So began my long vigil over the rearview mirror where clouds like dirty cotton endlessly faded into disappearing countryside. I thought, briefly, that I caught a glimpse of the demon surfing the grim sky, tail flapping in his wake.

“That’s why I picked you up. Thought a man might help keep me safe.”

No one had ever called me a man before. I wished she hadn’t chosen just then to start.

“I love the rain,” she said. It tinned against the Wagoneer’s hood like God had spilled a bowl of BBs. “You do mushrooms?” she asked.

“Not all the time.”

“Course not all the time, dummy, no one does ’em all the time.”


“They pop up after it rains. When morning comes if we see a field with cows we ought to stop an’ find some.” She smiled, proud. “The purple ones with the little white circles.” Pride melted into confusion. “Or is it the white ones with purple circles? I cain’t never remember which of ’ems poisnous, but I’m still here, so I must figure it out.”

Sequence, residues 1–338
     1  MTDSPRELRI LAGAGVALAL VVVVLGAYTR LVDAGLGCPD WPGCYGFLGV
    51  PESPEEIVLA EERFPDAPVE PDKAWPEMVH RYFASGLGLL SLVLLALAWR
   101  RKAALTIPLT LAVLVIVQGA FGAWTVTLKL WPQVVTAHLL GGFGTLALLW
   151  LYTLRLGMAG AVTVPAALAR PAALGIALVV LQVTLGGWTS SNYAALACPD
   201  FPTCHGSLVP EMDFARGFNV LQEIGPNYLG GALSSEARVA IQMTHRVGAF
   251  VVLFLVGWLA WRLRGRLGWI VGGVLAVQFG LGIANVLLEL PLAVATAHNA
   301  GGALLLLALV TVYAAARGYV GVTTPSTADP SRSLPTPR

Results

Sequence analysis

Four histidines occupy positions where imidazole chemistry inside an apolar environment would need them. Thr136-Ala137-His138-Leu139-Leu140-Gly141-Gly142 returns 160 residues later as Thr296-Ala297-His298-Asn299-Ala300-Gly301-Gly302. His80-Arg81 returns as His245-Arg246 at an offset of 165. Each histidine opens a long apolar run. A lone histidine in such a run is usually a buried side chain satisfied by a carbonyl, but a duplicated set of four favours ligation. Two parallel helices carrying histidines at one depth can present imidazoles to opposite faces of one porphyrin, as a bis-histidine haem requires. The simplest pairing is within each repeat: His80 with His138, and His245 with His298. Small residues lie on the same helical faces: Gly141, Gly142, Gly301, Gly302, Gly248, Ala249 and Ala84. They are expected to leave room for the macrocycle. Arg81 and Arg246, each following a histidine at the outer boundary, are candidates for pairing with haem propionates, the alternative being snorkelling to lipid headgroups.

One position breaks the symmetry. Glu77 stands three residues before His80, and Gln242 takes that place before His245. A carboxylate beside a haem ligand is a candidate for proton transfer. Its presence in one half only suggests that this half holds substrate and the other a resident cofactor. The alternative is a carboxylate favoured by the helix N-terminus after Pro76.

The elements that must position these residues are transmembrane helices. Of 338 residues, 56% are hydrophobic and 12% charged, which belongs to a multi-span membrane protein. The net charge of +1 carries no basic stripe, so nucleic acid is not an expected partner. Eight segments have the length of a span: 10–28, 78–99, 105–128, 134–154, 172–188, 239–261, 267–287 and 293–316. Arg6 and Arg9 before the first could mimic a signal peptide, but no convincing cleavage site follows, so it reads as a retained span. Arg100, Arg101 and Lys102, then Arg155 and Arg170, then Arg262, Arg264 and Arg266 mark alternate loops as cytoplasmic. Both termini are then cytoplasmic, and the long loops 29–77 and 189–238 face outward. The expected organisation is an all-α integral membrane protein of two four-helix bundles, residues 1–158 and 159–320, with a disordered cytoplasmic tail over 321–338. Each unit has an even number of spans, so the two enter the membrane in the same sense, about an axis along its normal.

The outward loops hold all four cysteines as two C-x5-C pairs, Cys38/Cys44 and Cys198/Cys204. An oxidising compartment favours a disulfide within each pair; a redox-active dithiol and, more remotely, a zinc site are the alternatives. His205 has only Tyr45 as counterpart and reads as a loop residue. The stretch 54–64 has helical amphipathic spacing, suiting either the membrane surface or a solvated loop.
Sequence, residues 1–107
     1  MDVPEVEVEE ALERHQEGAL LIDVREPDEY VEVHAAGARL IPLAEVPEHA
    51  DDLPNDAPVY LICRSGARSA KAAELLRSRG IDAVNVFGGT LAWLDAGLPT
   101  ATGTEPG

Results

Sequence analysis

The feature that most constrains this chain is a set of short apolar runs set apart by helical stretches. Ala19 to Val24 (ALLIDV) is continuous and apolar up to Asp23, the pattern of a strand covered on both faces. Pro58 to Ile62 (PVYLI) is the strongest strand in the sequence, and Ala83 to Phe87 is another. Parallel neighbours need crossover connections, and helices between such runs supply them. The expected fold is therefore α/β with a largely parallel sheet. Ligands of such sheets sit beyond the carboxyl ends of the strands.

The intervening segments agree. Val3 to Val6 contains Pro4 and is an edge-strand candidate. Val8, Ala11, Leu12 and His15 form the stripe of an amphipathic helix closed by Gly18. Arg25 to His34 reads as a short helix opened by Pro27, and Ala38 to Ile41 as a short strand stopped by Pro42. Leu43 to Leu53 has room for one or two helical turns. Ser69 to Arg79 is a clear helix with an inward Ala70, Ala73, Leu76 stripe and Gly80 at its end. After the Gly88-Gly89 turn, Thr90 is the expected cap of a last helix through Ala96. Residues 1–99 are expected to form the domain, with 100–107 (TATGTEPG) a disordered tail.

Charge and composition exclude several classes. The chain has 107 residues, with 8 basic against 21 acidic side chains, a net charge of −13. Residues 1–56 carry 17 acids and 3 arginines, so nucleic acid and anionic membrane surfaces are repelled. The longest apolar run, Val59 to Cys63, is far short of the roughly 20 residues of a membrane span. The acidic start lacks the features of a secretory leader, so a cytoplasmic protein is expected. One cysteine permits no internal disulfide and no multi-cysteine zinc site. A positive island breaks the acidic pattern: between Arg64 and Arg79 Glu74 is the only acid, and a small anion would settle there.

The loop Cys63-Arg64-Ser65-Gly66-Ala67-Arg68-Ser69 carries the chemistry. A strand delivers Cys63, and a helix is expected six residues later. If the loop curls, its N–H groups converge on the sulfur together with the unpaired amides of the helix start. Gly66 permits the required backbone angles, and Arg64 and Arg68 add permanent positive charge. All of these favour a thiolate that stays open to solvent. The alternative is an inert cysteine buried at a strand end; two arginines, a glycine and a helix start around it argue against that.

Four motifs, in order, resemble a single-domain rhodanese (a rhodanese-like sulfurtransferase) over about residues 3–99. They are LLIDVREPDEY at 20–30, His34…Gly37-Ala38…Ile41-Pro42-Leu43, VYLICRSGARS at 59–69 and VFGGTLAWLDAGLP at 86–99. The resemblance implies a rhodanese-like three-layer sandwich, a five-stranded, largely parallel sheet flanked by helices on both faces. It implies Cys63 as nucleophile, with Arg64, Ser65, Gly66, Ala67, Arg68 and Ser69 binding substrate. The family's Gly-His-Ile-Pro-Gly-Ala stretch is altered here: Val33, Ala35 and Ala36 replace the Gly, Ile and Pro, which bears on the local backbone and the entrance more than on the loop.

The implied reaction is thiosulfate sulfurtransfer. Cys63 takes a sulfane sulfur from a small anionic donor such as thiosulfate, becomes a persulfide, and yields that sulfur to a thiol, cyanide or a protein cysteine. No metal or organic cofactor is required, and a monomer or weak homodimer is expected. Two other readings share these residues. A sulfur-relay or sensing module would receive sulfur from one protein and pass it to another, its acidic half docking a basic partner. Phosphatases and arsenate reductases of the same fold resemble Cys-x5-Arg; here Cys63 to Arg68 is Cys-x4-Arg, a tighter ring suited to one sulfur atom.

I glanced back into the mirror again. Every car was suspect. For the first time in a few hours I was glad I wouldn’t be getting married… going to college… even if that meant the beast was getting closer.

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Ryan Day is a writer who lives in Madrid. He runs The Toast Cafe, and Roll, restaurants that double as cultural spaces. His articles on arts and culture in Madrid can be found at Vaya Madrid.

One response to “Shreveport”

  1. D.R. Haney says:

    I’ve heard rain that sounded like “God had spilled a bowl of BBs,” and I tried once to describe it by saying that it sounded like drawers of cutlery turned upside down, or something like that. Anyway, I heard that rain in tornado country — in Oklahoma, to be specific — and as hard as the rain can sometimes fall in California, I’ve never heard it here.

    Here’s hoping that your travels in this savage country will be unified one day soon in book form.